Example: You enrolled in a three-week class that first meets on Wednesday, June 14 at 8:50 am. If you drop that course by 11:59 on Sunday, June 11, you will have canceled your enrollment.
Withdrawal from UW–Madison
If the session(s) for your enrolled course(s) has begun, and you no longer want to attend UW–Madison for that term, then you will formally withdraw from the university.
The academic dean of your school/college makes the decisions around your withdrawal and can answer your specific questions. Find your academic dean.
Withdrawal deadlines: credits, grades, and transcript
Up to a certain day each session, you can withdraw and have no record of enrolled classes for that term on your transcript.
More on dates & deadlines
If you withdraw after the first deadline, your transcript will show that you withdrew and any courses that you were still enrolled in will show as dropped (“DR”). No other letter grades will show for those classes.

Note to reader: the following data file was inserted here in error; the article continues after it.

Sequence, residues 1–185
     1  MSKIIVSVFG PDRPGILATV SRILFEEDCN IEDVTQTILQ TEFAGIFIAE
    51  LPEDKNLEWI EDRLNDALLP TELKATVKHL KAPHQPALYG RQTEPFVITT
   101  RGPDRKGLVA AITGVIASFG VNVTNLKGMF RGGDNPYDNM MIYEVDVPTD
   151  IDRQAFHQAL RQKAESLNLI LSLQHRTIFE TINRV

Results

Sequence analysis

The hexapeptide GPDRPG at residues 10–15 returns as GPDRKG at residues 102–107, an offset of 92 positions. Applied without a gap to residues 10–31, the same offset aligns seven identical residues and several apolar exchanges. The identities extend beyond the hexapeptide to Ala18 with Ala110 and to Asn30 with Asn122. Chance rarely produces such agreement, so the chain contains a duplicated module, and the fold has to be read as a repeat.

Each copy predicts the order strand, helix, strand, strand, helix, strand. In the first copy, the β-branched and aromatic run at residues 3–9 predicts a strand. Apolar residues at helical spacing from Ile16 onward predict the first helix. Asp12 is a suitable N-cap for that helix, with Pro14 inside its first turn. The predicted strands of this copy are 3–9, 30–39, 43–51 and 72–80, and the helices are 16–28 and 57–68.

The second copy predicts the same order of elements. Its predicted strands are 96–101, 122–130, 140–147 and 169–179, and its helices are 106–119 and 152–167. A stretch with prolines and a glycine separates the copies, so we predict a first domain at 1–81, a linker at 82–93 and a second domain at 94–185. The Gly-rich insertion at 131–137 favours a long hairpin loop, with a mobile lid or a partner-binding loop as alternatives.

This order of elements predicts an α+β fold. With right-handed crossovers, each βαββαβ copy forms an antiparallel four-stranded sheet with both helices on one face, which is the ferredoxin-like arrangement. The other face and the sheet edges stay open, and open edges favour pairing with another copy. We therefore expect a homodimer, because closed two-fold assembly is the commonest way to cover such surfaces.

There is a second deadline late in each term, after which you cannot initiate a withdrawal on your own in Student Center. Such requests need to be made directly to your academic dean.
More on dates & deadlines
If you stop attending classes or do not take final exams, and have not withdrawn from the university, you may have grades of F recorded. Your enrolled classes and grades for that term will remain on your transcript.
Find the right dates for your enrolled classes in Course Search & Enroll. In the section details, select “Session dates & deadlines” — which opens a pop-up showing the add, drop, and tuition adjustment dates for that class.